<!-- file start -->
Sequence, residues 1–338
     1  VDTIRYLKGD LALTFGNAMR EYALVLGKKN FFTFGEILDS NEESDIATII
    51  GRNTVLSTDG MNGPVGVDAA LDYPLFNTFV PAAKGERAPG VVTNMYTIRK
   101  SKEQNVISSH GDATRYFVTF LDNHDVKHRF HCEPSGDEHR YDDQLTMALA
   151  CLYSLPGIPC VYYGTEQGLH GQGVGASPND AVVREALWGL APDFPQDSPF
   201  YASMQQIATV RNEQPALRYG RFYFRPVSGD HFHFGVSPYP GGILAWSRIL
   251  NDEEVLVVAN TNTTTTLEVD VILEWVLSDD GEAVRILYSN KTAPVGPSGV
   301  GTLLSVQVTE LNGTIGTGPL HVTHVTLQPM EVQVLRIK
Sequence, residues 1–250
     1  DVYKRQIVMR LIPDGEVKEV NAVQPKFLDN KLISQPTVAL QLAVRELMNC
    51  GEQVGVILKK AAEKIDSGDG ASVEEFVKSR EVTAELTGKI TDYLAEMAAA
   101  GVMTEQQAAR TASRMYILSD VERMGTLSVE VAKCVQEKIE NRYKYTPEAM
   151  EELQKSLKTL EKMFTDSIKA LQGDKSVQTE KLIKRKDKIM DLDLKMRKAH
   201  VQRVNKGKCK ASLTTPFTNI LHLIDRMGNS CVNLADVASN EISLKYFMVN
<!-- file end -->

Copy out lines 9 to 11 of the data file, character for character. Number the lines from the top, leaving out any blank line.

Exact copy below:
Sequence, residues 1–250
     1  DVYKRQIVMR LIPDGEVKEV NAVQPKFLDN KLISQPTVAL QLAVRELMNC
    51  GEQVGVILKK AAEKIDSGDG ASVEEFVKSR EVTAELTGKI TDYLAEMAAA